»

I’m on the website, I’m looking at stuff, I don’t need you to tell me who it’s ideal for. It’s really not your concern if it’s ideal for me or not. That’s my decision to make.

»

I don’t think in terms of the type of company that I am; I’m just looking for the best ideas. It may be for a company that’s similar to me or it may be a totally different company but there are shareable tactics there. It doesn’t matter to me if it’s ideal for one type of 71


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company or another. I’m looking for the idea, not who it’s ideal for.

Terminology Preferences

»

Not what types of individuals or companies this would be ideal for, but what types of scenarios or what types of situations that you would be going through. So if you’re doing one of these things, take a look at this. That’s the thing that’s a little bit nuanced than what I we looked at before.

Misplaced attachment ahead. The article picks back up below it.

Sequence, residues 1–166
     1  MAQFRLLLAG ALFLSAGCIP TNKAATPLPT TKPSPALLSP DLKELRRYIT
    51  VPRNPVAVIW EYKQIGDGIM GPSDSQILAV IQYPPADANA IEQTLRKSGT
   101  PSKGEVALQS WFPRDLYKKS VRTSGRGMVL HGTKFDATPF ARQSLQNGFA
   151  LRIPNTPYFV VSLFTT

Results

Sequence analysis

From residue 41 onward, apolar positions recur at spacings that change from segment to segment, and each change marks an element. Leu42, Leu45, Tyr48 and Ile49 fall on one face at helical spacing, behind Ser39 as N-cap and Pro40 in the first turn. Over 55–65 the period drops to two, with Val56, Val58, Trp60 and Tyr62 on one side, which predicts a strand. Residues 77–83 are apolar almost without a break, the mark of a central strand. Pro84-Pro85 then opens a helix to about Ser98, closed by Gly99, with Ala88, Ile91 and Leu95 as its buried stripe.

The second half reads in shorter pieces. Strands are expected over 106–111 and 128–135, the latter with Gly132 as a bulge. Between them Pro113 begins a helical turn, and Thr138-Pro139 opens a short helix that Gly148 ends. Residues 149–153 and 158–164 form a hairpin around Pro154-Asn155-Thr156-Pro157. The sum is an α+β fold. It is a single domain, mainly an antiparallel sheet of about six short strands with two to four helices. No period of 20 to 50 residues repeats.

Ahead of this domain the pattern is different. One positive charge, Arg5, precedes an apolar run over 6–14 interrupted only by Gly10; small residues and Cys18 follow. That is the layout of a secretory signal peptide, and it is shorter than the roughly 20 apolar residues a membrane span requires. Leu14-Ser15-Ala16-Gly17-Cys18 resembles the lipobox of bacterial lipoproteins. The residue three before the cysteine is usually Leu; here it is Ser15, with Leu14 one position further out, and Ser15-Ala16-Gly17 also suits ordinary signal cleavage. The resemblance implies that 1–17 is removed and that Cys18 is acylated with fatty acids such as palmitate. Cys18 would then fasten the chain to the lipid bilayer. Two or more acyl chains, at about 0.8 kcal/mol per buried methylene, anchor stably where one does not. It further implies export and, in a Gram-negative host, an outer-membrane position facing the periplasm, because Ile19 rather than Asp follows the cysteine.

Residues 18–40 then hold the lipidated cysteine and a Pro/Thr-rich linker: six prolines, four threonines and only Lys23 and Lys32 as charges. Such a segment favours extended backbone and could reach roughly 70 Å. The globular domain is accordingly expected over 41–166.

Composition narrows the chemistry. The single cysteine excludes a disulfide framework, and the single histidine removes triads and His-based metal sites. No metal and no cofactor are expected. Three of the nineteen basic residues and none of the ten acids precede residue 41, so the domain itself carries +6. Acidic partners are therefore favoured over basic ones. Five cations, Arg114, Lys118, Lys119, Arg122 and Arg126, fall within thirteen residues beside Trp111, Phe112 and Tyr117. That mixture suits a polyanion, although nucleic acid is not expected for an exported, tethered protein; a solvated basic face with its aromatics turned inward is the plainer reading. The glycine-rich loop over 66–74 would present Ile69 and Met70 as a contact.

»

Terminology around “you will learn how to” suggests I don’t know how to do stuff like that and I would like to think I do. I’m looking for language around designing, developing, problem/solution, helps. It strikes me as part of a curriculum rather than giving me a way of solving. It may be a visceral reaction to “Gain an edge over your competition” – it sounds salesy and shticky. It comes across as less credible to me in terms of an information resource

»

»

Users’ top priority is time investment:  Must be able to quickly determine if they should invest more time in the document or move to another  If clicking into an abstract, must get more content than was originally on the list view (progressive investment)